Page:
No more kids, not everyone, not welcome in the schools of the city of Buenos Aires. The Government of the Argentine capital announced this Friday the prohibition of inclusive language in all classrooms. The reason, according to the mayor of Buenos Aires, Horacio Rodríguez Larreta, is to “simplify the way children learn” and thus reverse the significant drop in reading comprehension detected during the pandemic. National authorities and teachers’ unions criticize the measure.
Teachers “must develop teaching activities and carry out institutional communications in accordance with the rules of the Spanish language, its grammatical norms and the official guidelines for its teaching,” says the resolution, which comes into force this Friday. The use of “e” to mark the plural or non-binary gender, as in the case of “friends” or “alumne”, is prohibited. In writing, the “x” or the “@” sign cannot be used either.
Although resisted by many adults, the use of inclusive language is widespread among adolescents in Buenos Aires. About a dozen Argentine universities officially recognize it, including some faculties of the University of Buenos Aires.
For now, Buenos Aires tertiary education will be the only one where it will remain. The ban reaches kindergartens and primary and secondary schools, both public and private.
“At school you have to respect the Spanish language because the indexes show that it is urgent; We cannot waste another day,” Rodríguez Larreta said at a press conference, referring to the results of the latest evaluation on Language carried out at the end of last year. Two out of ten secondary school students were unable to solve activities on short texts in simple language, 64% more than in 2019, before the coronavirus pandemic forced schools to close for more than a year.
“Teachers have to respect the rules of the Spanish language, both when they are in front of the classroom and when they address the children or their families in communications,” warned the mayor of Buenos Aires, seconded by the Buenos Aires Minister of Education, Soledad Acuña . The head of the educational portfolio assured that it is not “a witch hunt” but that they intend to “teach better so that the children learn”.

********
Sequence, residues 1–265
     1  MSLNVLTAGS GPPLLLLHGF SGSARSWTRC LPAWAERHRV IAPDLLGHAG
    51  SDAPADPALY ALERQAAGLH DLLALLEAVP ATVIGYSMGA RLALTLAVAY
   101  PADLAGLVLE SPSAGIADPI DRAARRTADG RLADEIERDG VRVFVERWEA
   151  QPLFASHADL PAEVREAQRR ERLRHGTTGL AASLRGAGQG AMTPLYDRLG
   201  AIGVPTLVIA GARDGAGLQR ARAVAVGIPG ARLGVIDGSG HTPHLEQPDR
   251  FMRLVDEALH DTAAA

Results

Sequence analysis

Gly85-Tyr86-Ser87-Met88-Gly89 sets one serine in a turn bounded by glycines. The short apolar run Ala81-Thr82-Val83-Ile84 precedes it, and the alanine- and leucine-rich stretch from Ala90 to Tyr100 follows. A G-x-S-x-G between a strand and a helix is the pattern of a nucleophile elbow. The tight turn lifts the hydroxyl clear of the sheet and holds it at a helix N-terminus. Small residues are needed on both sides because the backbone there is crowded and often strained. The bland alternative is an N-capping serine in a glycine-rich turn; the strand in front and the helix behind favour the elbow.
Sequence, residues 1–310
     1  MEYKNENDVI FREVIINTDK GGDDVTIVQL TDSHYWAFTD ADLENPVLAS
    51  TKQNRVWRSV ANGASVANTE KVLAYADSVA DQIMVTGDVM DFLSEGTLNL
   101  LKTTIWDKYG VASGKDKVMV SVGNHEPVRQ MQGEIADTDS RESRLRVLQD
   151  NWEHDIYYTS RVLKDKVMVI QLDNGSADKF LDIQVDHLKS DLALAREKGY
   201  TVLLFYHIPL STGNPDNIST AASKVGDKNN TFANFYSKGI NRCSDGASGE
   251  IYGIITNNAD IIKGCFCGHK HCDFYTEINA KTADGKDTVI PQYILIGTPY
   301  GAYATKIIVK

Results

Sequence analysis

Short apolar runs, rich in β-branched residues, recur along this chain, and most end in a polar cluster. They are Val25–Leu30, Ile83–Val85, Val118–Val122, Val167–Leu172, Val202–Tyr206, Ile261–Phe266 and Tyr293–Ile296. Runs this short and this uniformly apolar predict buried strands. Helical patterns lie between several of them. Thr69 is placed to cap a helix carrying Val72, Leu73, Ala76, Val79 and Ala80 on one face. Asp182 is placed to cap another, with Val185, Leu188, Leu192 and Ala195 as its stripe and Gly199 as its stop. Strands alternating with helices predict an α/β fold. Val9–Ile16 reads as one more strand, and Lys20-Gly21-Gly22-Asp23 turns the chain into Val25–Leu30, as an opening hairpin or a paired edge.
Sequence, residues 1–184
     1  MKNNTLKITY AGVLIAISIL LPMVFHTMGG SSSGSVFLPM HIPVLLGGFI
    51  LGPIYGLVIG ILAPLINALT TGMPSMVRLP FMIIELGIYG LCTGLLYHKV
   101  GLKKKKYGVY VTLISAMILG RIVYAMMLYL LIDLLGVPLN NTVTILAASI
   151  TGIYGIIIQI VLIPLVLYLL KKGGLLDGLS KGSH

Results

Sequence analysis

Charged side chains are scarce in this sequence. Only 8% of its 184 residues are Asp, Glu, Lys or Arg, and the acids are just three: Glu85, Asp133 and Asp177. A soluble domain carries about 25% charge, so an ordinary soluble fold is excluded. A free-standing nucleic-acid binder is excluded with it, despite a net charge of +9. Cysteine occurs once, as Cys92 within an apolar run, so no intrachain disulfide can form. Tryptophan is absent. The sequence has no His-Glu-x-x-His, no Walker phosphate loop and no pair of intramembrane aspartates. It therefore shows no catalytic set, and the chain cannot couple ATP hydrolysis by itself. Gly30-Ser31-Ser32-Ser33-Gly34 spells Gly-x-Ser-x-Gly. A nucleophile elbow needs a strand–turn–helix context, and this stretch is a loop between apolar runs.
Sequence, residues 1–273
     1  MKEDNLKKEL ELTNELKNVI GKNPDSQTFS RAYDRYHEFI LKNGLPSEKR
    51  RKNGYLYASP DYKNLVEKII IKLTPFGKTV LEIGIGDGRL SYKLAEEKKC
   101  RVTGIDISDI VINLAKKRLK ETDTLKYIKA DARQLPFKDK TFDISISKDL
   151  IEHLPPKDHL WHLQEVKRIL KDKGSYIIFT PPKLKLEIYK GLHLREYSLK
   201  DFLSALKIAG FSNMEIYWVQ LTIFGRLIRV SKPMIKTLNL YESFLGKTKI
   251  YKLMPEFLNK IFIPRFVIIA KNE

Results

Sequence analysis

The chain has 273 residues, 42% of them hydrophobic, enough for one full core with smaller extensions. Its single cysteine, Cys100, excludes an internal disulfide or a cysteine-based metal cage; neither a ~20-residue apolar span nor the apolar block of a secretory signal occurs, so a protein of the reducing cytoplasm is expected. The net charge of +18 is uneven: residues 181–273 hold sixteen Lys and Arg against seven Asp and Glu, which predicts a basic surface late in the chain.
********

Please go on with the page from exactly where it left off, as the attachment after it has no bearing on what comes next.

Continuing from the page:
Acuña also responded to criticism from the teachers’ unions, which consider that the ban “deploys new forms of violence towards those children and youths who do not recognize themselves in the masculine or feminine as constitutive of their identity,” according to the statement released by the Union of State Workers (UTE). “We do not ask unionists for permission to make decisions on educational matters, we make decisions based on evidence and consulting specialists,” said Acuña.
In 2021, after a year with schools closed in Argentina, the need to reopen them or not became one of the biggest points of contention between the mayor of Buenos Aires, of the center-right alliance Together for Change, and the president. Argentine, the Peronist Alberto Fernández. In Argentina, a federal country, each province is responsible for educational actions.
The resolution on inclusive language has once again shown the discrepancies that exist between the two political parties. Both the Argentine Minister of Education, Jaime Perczyk, and the Minister of Women, Gender and Diversity, Elizabeth Gómez Alcorta, were against Rodríguez Larreta’s decision.
“It is necessary to improve but [el camino] it’s not prohibiting,” Perczyk replied. “Schools must be inclusive and democratic environments that respect freedom and diversity. Nothing good is learned from a ban,” Gómez Alcorta also criticized on Twitter. One thing is the law and another its application, some teachers have also questioned. They question the ability to put that resolution into practice, especially in those schools where inclusive language is more widespread.
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